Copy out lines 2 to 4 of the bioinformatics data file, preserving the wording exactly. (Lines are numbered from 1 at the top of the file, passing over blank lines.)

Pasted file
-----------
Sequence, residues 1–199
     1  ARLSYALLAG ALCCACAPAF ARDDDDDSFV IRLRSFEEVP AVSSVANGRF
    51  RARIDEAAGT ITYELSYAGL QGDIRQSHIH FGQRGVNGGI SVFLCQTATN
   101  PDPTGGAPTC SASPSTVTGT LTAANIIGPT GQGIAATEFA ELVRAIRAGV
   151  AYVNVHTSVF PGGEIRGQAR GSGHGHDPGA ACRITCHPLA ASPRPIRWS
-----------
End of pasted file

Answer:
     1  ARLSYALLAG ALCCACAPAF ARDDDDDSFV IRLRSFEEVP AVSSVANGRF
    51  RARIDEAAGT ITYELSYAGL QGDIRQSHIH FGQRGVNGGI SVFLCQTATN
   101  PDPTGGAPTC SASPSTVTGT LTAANIIGPT GQGIAATEFA ELVRAIRAGV